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The Clinical Significance of Tumor Marker Detection (I)

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In recent years, the incidence of cancer patients has been increasing yearly. Tumor markers have become mandatory items in many human examination projects. Among so many tumor indicators, how to identify their clinical significance? Let’s learn about the clinical significance of tumor marker detection in this article.

Tumor markers are a class of substances that are synthesized or released by tumor cells themselves or generated or elevated by the body's response to tumor cells. Tumor markers are present in blood, cells, tissues or body fluids, reflecting the presence and growth of tumors. Tumor markers are determined by methods such as chemistry, immunology, and genomics, for tumor diagnosis, curative effect and recurrence monitoring, and prognosis judgment Has a certain value. Tumor markers mainly include protein, sugar, enzyme and hormone tumor markers.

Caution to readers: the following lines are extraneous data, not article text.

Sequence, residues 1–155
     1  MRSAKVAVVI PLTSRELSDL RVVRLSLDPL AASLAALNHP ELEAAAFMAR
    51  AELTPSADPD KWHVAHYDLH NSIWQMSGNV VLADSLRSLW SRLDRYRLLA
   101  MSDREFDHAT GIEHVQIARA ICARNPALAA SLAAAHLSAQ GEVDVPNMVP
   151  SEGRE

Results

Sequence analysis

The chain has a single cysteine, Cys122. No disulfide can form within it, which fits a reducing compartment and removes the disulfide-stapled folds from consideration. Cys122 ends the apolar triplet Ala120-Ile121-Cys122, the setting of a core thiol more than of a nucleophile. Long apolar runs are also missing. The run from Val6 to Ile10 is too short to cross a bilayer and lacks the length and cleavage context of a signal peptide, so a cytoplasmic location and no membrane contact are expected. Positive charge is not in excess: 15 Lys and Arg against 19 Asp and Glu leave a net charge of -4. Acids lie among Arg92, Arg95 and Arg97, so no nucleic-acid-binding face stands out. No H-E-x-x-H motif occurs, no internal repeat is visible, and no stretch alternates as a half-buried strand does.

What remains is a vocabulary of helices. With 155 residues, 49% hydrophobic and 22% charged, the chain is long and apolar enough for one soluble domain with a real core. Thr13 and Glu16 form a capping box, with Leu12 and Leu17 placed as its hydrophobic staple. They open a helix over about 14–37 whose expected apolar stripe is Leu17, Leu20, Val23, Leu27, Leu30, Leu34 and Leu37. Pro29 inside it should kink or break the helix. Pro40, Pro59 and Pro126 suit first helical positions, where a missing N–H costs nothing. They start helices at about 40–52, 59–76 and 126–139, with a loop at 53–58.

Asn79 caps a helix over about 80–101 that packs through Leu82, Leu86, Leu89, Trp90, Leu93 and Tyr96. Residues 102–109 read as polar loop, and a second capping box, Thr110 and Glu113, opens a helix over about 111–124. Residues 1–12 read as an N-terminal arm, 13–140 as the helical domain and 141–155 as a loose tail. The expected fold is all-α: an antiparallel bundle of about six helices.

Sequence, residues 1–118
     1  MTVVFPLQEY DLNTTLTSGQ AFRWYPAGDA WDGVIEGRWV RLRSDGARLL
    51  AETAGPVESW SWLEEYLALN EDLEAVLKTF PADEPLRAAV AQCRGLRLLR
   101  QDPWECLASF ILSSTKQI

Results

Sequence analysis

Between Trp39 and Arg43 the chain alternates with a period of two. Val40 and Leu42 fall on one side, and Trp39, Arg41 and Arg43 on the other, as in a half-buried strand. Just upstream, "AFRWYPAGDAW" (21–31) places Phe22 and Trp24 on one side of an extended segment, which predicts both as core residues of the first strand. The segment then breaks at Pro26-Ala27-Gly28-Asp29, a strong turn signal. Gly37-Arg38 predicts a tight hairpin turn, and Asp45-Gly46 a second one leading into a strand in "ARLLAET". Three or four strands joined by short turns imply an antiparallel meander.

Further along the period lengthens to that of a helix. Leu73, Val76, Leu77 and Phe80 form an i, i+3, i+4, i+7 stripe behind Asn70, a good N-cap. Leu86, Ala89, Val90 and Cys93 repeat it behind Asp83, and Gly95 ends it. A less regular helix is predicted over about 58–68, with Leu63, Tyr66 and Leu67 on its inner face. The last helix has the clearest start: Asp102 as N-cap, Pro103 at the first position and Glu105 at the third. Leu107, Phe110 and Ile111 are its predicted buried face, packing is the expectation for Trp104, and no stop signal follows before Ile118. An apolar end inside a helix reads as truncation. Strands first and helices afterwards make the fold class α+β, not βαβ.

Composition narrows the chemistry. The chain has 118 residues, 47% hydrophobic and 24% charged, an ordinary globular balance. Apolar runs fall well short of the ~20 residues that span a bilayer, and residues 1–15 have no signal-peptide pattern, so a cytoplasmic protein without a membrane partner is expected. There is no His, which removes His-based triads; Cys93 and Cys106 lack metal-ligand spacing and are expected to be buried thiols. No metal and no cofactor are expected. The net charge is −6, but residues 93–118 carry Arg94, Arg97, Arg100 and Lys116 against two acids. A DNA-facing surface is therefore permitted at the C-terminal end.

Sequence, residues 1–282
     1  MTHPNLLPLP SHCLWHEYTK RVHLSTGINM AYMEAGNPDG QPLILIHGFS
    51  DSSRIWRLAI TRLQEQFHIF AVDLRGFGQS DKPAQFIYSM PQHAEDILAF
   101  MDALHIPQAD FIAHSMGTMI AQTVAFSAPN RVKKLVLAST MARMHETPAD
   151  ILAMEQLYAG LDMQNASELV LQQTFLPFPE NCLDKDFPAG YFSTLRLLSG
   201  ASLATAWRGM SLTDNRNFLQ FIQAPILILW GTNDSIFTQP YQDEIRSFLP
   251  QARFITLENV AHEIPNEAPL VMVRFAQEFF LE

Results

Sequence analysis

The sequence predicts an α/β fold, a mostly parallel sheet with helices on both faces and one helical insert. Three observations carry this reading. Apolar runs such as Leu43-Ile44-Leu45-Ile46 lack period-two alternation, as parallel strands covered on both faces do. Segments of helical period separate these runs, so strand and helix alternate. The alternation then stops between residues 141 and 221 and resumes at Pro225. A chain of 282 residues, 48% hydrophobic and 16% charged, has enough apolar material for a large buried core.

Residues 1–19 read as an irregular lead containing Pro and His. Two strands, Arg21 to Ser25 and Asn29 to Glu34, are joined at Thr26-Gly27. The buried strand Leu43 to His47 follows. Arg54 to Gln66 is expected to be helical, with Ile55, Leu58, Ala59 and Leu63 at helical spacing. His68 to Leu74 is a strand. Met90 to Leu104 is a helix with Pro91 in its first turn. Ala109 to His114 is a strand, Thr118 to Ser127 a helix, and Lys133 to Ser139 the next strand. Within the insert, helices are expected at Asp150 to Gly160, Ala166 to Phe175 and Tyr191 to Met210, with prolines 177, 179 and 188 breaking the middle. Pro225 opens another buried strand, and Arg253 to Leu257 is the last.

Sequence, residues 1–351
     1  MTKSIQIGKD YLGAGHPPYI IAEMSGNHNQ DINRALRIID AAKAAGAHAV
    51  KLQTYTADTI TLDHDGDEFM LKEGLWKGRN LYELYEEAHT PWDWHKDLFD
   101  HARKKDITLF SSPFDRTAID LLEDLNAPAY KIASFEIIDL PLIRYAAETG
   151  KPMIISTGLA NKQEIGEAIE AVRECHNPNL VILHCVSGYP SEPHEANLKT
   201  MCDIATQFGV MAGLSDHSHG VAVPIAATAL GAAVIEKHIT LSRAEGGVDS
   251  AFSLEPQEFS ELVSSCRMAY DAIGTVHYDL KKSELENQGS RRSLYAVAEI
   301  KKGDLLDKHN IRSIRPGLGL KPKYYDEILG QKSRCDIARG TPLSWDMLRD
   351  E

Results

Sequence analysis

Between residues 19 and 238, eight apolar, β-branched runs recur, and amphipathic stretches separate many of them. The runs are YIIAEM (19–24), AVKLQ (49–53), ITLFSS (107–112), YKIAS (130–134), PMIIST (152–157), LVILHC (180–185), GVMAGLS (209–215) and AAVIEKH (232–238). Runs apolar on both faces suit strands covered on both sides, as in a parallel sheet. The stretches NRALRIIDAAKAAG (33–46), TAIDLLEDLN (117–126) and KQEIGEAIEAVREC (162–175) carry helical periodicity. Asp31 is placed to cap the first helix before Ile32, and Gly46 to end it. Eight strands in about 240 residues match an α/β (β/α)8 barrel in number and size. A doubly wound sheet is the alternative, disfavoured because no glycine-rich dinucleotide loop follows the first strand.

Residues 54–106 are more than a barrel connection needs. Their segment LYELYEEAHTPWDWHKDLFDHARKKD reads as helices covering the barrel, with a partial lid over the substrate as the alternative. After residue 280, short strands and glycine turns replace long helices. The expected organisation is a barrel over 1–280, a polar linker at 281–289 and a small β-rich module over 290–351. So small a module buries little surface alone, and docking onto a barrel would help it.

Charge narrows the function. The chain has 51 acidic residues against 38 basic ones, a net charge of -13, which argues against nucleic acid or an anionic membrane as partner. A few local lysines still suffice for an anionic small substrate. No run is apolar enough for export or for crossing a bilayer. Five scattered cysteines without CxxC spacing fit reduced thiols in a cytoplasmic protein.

1. Protein tumor markers

1.1 Alpha-fetoprotein (AFP) determination

Alpha-fetoprotein is a serum glycoprotein synthesized early in the fetus. After birth, AFP synthesis is inhibited. When malignant lesions occur in liver cells or gonad embryo tissues, cells capable of synthesizing AFP restart to synthesize, resulting in a marked increase in blood AFP content. Therefore, the detection of AFP concentration has important clinical value for the diagnosis of hepatocellular carcinoma and trophoblastic malignant tumors.

Reference value: <25μg/L

Clinical significance:

  • Primary liver cancer;
  • Gonad embryo tumor;